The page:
Emily Warburton Jensen, ill-behaved Web Editor of Dialogue: A Journal of Mormon Thought, wife of Robin Jensen (Associate Managing Historian for the Joseph Smith Papers), mother of five.
DAUGHTERS OF THE UTAH PIONEERS MUSEUM
After leaving the Salt Lake Cemetery, we traveled to the Daughters of the Utah Pioneers museum. This is a fascinating place, chock full of photographs and memorabilia relating to Utah pioneers, particularly women pioneers. Here are a few photos from that stop:
Jenny Reeder, a specialist in nineteenth century women’s history with the Church History Department, gave an interesting presentation on the Salt Lake 20th Ward Quilt.
Other scenes from the Daughters of the Utah Pioneers Museum
NINETEENTH WARD MEETING HOUSE AND RELIEF SOCIETY HALL
After leaving the Daughters of the Utah Pioneers Museum, we walked several blocks to the historic Nineteenth Ward Meetinghouse and Relief Society Hall. The Hall is one of many buildings built under the direction of the Relief Society and owned by them in former times. Now priesthood correlation has brought everything done by the Relief Society under the umbrella of Priesthood (meaning male) leadership. The building is no longer used for religious purposes, serving as a dressing and costume room for the Salt Lake Acting Company, which stages its productions in the 19th Ward Meetinghouse next door.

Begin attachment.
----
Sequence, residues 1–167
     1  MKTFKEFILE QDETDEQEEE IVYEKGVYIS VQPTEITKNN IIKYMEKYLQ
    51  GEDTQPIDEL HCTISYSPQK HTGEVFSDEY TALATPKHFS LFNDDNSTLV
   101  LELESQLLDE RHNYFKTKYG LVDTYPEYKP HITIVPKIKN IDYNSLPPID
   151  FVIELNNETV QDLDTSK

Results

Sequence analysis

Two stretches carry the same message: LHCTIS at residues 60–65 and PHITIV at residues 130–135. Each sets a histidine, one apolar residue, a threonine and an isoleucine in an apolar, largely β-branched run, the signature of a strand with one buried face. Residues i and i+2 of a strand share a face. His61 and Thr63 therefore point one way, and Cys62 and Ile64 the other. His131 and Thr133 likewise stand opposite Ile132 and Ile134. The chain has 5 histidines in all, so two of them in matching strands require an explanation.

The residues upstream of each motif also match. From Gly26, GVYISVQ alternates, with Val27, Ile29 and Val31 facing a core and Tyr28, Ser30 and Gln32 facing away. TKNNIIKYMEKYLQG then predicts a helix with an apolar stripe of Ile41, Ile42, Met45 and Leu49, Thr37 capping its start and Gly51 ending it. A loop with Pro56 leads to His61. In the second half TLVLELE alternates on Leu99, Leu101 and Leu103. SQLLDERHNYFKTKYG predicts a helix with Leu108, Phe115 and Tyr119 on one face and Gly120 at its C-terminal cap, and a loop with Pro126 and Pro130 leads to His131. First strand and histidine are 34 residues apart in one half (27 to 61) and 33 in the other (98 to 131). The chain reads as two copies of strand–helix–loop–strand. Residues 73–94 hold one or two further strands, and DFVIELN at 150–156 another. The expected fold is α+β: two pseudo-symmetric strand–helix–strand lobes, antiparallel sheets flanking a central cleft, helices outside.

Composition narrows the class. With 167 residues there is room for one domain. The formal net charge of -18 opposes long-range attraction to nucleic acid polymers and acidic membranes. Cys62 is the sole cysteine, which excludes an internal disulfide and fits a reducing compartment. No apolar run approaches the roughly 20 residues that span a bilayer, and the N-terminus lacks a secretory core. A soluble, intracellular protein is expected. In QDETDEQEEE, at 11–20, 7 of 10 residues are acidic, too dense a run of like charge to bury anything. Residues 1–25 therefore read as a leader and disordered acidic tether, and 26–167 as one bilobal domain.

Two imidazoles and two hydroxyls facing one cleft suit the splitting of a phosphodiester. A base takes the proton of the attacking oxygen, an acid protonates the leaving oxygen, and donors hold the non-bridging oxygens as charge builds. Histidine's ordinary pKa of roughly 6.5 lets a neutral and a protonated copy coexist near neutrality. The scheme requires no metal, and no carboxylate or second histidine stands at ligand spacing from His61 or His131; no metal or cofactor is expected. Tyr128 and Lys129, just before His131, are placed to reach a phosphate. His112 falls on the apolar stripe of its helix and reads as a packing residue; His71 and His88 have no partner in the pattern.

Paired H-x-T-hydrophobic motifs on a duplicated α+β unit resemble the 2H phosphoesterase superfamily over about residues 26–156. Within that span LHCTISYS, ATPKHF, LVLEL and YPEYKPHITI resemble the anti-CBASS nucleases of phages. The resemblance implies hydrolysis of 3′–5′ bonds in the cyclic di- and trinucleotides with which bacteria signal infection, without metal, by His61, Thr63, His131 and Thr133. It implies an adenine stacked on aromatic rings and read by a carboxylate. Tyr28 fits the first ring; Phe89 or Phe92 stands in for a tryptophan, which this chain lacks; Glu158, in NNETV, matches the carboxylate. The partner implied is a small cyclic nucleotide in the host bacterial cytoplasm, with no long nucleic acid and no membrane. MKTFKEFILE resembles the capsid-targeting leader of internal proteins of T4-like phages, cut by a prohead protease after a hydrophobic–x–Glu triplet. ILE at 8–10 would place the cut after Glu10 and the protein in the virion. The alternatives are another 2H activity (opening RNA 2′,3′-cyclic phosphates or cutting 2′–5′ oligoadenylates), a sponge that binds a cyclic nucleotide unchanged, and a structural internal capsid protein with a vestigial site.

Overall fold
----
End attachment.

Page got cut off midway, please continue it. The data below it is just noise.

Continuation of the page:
19th Ward Relief Society Hall
Historic 19th Ward Meetinghouse
Interesting flora growing in front of the 19th Ward Meetinghouse
THIS IS THE PLACE HERITAGE PARK
Our next stop was This is the Place Heritage Park, where we had lunch. Dawn and I hadn’t visited “This is the Place” for many years and were unaware that a living outdoor pioneer town/museum had sprung up in the interim. It provided some fun photo opportunities.